(Reuters) - Lenders are set to take control of Hibu Plc HIBU.L after reaching a conditional agreement with the British yellow pages publisher, a deal that could end the company’s two-year struggle to pay off its 2.3 billion pound debt.
The company, formerly know as Yell, said its debt would be exchanged by lenders for all of the equity in a new group holding company.
The deal is subject to the approval of lenders holding 75 percent of the debt, the company said. The co-ordinating committee, which reached the agreement with Hibu, represents 32.8 percent of Hibu’s debt.
Hibu built its debt pile through a series of ambitious acquisitions, including a 3.3 billion euro ($4.34 billion) deal to buy a Spanish directories business in 2006.
The company has also been struggling with a relentless fall in sales as digital revenue has not grown fast enough to offset a sharp decline in print revenue.
Hibu CEO Mike Pocock said on Thursday benefits of the restructuring would include “a reduction in debt and cash interest and an extension of debt maturities.”
Thomson Reuters LPC reported last month that the company was discussing a plan with a senior steering committee, which included Soros Fund Management, Blackstone’s credit fund GSO and Deutsche Bank, involving a debt-for-equity swap.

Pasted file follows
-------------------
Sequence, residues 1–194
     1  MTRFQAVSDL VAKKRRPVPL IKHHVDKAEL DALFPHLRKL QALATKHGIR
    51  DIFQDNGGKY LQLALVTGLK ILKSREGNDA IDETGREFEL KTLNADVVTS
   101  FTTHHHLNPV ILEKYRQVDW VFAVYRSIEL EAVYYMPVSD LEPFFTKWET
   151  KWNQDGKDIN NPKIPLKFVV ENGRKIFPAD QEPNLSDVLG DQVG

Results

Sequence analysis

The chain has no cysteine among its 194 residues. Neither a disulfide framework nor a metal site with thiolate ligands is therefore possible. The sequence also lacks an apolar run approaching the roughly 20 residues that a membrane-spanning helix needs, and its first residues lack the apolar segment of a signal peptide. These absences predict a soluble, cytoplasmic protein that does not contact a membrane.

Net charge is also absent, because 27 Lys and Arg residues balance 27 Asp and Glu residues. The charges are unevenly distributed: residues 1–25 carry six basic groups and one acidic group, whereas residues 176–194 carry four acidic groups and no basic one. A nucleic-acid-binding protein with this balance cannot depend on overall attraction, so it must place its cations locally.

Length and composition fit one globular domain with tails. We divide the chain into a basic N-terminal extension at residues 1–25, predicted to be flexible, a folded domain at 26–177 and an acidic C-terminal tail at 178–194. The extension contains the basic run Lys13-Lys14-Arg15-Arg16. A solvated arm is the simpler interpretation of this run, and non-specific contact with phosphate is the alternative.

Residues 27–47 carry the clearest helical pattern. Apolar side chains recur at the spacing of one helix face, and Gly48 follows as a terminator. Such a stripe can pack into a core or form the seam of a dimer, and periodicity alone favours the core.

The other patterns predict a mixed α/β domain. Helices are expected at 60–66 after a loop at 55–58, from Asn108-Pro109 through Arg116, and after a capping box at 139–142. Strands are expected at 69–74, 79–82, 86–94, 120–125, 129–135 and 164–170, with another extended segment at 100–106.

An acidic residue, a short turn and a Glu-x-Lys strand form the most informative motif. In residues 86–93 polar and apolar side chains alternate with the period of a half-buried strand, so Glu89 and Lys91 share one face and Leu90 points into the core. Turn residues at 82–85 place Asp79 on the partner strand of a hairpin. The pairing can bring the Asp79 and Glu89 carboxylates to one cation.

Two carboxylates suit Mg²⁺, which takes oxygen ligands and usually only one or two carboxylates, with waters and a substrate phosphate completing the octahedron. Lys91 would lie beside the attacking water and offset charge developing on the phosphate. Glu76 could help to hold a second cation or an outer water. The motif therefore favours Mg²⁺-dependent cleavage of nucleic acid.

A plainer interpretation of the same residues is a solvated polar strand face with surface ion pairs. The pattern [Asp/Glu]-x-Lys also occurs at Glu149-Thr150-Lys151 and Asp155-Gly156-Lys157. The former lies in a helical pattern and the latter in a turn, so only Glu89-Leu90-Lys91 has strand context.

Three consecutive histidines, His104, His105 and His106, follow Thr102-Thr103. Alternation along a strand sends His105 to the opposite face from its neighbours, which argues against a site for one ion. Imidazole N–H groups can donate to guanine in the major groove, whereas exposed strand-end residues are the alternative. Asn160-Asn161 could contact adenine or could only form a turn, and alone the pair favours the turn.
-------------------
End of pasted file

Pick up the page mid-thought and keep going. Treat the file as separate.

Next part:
Hibu, which had delayed announcing its full-year results pending a decision on its debt, reported on Thursday an after-tax loss of 1.81 billion pounds. Sales fell 16 percent to 1.35 billion pounds.
Trading in Hibu shares were suspended as the deal with creditors would result in the stock being delisted.
Hibu shares, which traded as high as 604.69 pence in 2007, have fallen 75 percent since the company approached lenders for waivers in September. They last traded at 0.17 pence on the London Stock Exchange on Wednesday.
While shares plunged, the company’s debt was actively being traded in the secondary market. Thomson Reuters LPC reported that Hibu’s term loan A had risen from 17.44 pence in the pound on March 1 to 23.24 on Wednesday, as funds tried to buy into what they could of the debt ahead of a restructuring announcement.
Reporting by Roshni Menon in Bangalore; Editing by Saumyadeb Chakrabarty